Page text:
Congressional Leaders Make Opening Statements in Budget Debate

Congressional Leaders Make Opening Statements in Budget Debate

By Caitlin Huey-Burns - November 9, 2012

By electing a divided Congress and sending Barack Obama back to the White House, voters have indicated that increased revenues must be part of a bipartisan bargain to avoid the looming fiscal cliff, a leading Senate Democrat said Thursday.

Since neither side “ran the table” in congressional elections, “I think it’s pretty clear that [voters] said, ‘Come to a compromise, get a handle on spending, but raise some revenues,’ ” Sen. Chuck Schumer told reporters at an event hosted by the Christian Science Monitor. The New York lawmaker said Congress needs to seize the political moment and strike a so-called grand bargain during the upcoming lame-duck session while sentiment supporting such action -- as reflected by Tuesday’s exit polling -- is still fresh.

As Washington prepares to get back to business after a divisive election season, congressional leaders are making opening statements of sorts in what will likely be a difficult legislative process to avert the $600 billion bundle of tax increases and across-the-board budget cuts set to kick in at year’s end.

The president’s re-election does grant him some leverage in the negotiations. Obama pegged his candidacy, in part, to a call for high-income earners to pay more in taxes in order to reduce the deficit. Exit polling this week found 60 percent of voters support that notion, and nearly half specifically back Obama’s proposal to let higher-end tax cuts expire on Dec. 31. Schumer interpreted those results to mean a majority endorsement for the president’s economic plan. The 2010 elections that swept scores of Republicans into the House of Representatives and awarded John Boehner the speaker’s gavel sent a message to Democrats to control government spending, Schumer said. But voter behavior on Tuesday indicated Americans want a balanced approach to deficit reduction that includes both spending cuts and revenue increases, he asserted.

Democrats also expanded their majority in the Senate, and the president has an ally in Majority Leader Harry Reid. In a press briefing Wednesday, the Nevada lawmaker agreed that voters’ choice of a split legislature calls for compromise. “It’s better to dance than to fight. Everything doesn’t have to be a fight,” he said. But, he also cautioned, “you can’t push us around.”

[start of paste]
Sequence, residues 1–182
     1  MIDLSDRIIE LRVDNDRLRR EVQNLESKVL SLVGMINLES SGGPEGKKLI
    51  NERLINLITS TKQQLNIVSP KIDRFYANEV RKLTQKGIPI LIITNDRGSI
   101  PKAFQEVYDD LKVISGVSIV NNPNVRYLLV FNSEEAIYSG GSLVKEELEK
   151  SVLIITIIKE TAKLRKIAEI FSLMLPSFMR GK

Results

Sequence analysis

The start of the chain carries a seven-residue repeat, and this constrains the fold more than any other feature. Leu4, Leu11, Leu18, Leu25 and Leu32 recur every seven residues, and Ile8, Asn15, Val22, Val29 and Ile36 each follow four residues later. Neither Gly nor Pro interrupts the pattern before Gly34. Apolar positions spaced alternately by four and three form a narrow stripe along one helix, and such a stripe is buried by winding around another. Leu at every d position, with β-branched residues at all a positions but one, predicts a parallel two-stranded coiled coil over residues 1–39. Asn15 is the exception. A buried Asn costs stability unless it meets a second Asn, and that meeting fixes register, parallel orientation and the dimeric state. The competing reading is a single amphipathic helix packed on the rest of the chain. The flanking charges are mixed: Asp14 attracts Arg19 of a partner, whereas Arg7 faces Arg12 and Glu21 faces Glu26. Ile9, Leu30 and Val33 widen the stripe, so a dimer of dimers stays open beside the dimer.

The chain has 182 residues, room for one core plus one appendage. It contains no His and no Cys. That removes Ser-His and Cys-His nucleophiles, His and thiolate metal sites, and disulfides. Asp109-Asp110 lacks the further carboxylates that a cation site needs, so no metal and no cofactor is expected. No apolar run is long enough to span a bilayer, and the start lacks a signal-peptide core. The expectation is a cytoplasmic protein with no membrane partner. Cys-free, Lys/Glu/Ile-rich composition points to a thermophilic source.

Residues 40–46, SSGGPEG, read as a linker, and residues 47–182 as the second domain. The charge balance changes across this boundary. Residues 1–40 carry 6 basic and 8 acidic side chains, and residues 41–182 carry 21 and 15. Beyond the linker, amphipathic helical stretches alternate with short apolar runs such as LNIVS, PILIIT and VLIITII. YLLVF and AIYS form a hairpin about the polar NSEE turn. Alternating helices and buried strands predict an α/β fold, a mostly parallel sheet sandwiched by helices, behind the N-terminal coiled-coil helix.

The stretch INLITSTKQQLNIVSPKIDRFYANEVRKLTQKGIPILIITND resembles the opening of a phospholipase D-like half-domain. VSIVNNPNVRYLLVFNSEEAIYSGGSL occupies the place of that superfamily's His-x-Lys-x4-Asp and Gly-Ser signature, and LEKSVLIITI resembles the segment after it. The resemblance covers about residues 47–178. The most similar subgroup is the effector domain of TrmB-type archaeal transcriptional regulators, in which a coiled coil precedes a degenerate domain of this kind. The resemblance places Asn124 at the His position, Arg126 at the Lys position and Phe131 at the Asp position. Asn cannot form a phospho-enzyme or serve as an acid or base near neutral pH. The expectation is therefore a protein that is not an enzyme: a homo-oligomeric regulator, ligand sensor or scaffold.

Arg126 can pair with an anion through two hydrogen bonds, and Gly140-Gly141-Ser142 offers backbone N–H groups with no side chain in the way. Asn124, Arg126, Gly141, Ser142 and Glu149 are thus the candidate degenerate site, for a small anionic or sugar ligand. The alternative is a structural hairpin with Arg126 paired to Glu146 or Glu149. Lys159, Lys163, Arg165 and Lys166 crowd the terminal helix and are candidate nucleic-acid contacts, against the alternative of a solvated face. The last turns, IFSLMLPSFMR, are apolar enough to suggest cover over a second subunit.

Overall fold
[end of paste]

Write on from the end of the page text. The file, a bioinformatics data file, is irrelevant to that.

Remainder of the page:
Boehner cracked open the door to a deal that would include increased revenue, but only in the context of tax reform and if it is linked to cuts in spending and entitlement programs. “For purposes of forging a bipartisan agreement that begins to solve the problem, we’re willing to accept new revenue, under the right conditions. What matters is where the increased revenue comes from, and what type of reform comes with it,” Boehner said on Capitol Hill. “Shoring up entitlements and reforming the tax code -- closing special-interest loopholes and deductions, and moving to a fairer, simpler system -- will bring jobs home and result in a stronger, healthier economy. . . . Tax reform, done in the manner I've described, will result in the additional revenue the president seeks.”

The speaker then kicked the ball back to Obama. “Mr. President, this is your moment. We're ready to be led, not as Democrats or Republicans, but as Americans. We want you to lead -- not as a liberal or a conservative, but as the president of the United States of America. We want you to succeed.”

Boehner’s tone and message were far removed from Senate Minority Leader Mitch McConnell’s professed goal four years ago to make Obama a one-term president. Congress returns to Washington on Tuesday with the same problems it has long faced but with a greater sense of urgency. Though the economy continues to slowly recover, unemployment hovers around 8 percent and uncertainty among the business community remains. Inaction by Congress would have a serious impact on the fragile economy; with the president now re-elected and Democrats holding an expanded majority in the Senate, Republicans could find themselves in a corner.

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Caitlin Huey-Burns is a congressional reporter for RealClearPolitics. She can be reached at Follow her on Twitter @CHueyBurnsRCP.

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